IMF hails Oman’s “resilient and strong” banking sector
Muscat – The International Monetary Fund (IMF) hailed the continued resilience of Oman’s banking and financial sector in the face of the economic slowdown caused by the COVID-19 pandemic.
‘Banks [in Oman] have ample capital and liquidity buffers, âthe IMF said in its Article IV Advisory Services report.
The fund said, âIMF Executive Directors have welcomed the continued resilience of Oman’s financial sector and ongoing capital market reforms. At the same time, while the banking system remains strong, continued vigilance is needed to contain risks to financial stability given the substantial uncertainties in the outlook. ‘
Omani banks, according to the IMF, are well capitalized despite the slight increase in non-performing loans and declining profits due to the impact of the pandemic.
Banks’ capital adequacy ratios averaged 18.5 percent and the liquidity coverage ratio stood at 199 percent at end-March 2021, well above minimum regulatory requirements, the IMF noted.
The NPL (NPL) ratio, the fund said, rose to 4.2% [from 3.5 per cent in 2019], with loan loss allowance coverage of 65 percent and NPL allowance of 100 percent.
âThe loan moratoriums limited the impact on non-performing loans, with deferred payments amounting to 6.2% of outstanding bank loans at the end of March 2021. Profitability declined slightly, the yield on bank assets falling to 0.9% in 2020 [from 1.4 per cent in 2019], reflecting weaker economic activity, lower oil prices, loan deferral and provision charges, âthe IMF said.
He called for careful management of the sovereign-bank link over time to support the resilience of the banking system.
The fund welcomed the Mutual Assessment of Combating Money Laundering and the Financing of Terrorism (AML / CFT) in 2021 and the continued strengthening of the framework by Oman.
The IMF noted that the authorities’ bank stress tests indicate sufficient capital buffers to withstand severe scenarios.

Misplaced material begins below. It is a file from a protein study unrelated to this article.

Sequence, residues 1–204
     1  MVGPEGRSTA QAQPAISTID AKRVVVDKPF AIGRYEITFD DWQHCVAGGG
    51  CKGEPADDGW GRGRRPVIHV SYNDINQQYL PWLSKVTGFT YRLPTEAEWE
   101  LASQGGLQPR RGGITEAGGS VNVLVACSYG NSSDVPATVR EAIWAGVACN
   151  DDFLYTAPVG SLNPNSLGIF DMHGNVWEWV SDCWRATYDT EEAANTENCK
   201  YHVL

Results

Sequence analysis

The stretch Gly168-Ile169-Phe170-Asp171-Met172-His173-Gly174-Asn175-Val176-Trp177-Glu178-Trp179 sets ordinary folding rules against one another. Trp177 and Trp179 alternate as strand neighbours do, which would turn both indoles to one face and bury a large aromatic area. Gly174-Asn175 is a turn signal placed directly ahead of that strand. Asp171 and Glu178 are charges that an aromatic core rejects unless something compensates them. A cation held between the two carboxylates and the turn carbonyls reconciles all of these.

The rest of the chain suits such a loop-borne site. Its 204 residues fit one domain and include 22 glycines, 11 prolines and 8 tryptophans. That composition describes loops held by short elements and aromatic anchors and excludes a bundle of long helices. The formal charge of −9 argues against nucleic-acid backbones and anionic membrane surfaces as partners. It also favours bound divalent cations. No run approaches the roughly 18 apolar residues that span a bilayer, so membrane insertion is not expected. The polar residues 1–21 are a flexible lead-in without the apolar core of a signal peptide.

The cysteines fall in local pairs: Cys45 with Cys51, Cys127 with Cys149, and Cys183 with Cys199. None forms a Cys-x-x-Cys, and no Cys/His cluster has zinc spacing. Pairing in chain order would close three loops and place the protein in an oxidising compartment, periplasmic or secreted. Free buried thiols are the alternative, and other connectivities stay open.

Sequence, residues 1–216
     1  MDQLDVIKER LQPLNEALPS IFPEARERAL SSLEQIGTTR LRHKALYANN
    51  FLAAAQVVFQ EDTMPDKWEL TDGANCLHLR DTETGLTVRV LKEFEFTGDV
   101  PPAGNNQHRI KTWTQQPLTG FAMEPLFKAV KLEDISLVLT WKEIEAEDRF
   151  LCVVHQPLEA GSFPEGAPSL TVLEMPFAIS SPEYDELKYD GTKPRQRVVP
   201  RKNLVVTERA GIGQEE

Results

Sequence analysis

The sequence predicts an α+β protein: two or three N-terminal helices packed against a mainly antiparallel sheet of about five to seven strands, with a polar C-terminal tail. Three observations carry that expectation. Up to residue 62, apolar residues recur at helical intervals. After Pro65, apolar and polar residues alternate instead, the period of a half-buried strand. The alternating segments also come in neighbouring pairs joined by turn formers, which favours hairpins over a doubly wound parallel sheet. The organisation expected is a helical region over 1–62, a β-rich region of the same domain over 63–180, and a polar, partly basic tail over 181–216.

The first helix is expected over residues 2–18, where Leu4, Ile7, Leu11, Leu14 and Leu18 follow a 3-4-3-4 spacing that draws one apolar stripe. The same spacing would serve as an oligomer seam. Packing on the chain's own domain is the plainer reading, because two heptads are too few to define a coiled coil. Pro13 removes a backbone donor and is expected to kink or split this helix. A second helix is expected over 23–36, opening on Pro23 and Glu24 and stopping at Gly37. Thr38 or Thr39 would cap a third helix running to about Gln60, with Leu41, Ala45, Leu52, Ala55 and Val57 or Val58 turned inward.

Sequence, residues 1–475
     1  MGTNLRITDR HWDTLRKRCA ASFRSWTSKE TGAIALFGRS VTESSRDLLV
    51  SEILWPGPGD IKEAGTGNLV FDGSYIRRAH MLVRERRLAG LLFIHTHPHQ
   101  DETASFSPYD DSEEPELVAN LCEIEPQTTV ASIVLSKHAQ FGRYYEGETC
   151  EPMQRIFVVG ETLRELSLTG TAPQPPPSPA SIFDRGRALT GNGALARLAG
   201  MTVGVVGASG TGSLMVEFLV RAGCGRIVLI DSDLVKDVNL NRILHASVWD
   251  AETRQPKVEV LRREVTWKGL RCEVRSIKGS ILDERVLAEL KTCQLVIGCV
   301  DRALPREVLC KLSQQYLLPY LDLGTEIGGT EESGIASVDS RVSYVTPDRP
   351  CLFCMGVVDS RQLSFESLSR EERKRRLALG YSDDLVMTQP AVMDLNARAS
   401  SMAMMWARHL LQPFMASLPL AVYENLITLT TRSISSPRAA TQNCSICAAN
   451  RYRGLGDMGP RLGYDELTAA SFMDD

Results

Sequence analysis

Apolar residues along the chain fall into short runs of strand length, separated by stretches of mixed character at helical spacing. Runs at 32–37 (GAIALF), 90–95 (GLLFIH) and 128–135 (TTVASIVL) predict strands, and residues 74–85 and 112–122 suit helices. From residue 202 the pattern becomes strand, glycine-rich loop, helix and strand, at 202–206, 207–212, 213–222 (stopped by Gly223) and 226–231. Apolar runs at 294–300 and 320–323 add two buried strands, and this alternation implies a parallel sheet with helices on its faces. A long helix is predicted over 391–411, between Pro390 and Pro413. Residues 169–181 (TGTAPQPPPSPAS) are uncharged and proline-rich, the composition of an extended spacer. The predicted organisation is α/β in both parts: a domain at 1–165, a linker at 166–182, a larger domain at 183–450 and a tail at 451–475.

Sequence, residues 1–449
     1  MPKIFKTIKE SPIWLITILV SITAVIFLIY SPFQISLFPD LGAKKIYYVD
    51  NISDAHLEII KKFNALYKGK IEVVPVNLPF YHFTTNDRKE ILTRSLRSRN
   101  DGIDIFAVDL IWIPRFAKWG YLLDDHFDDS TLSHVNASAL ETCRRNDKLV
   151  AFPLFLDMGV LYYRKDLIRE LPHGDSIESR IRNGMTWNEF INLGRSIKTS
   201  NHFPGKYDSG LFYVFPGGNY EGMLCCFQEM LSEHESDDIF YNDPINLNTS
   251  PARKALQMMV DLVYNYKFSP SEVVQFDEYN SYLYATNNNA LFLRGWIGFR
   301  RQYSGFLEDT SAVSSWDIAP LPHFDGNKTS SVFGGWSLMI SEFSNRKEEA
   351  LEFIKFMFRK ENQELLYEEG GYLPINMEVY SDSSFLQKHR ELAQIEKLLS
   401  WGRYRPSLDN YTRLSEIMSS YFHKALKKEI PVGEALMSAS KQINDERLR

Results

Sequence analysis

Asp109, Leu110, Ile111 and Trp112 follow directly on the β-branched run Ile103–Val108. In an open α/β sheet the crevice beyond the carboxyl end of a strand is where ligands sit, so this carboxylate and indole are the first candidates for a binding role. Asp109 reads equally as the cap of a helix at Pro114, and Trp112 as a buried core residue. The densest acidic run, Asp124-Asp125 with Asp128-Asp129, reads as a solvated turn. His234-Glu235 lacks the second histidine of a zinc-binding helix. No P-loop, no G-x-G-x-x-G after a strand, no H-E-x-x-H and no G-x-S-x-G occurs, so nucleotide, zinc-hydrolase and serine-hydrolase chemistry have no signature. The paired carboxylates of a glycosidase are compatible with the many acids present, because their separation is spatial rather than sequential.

âThe Omani authorities have stressed that short-term policies will be guided by the Sultanate’s economic recovery plan. They expressed their cautious approach to phase out policy measures, while supporting vulnerable households and affected sectors. To mitigate the risks associated with the withdrawal of support measures, the timing and calibration of exit measures are carefully coordinated between government entities, âhe said.
“The Central Bank of Oman will remain vigilant and nimble to calibrate its policies, detect the first signs of a potential deterioration in asset quality and ensure adequate buffers,” added the fund.
The sultanate’s financial sector, the IMF said, continues to be well regulated and supervised, and regulatory frameworks could be further strengthened. The fund, however, advised that the link between sovereign banks and banks be carefully managed to avoid crowding out lending to the private sector.
âA limit on banks’ credit exposures to non-residents can be replaced by non-discriminatory prudential measures. The resolution framework should have legal certainty, based on banking law, to support effective implementation of the resolution. The promotion of Fintech would strengthen financial inclusion, especially for women, young people and SMEs, âadded the IMF.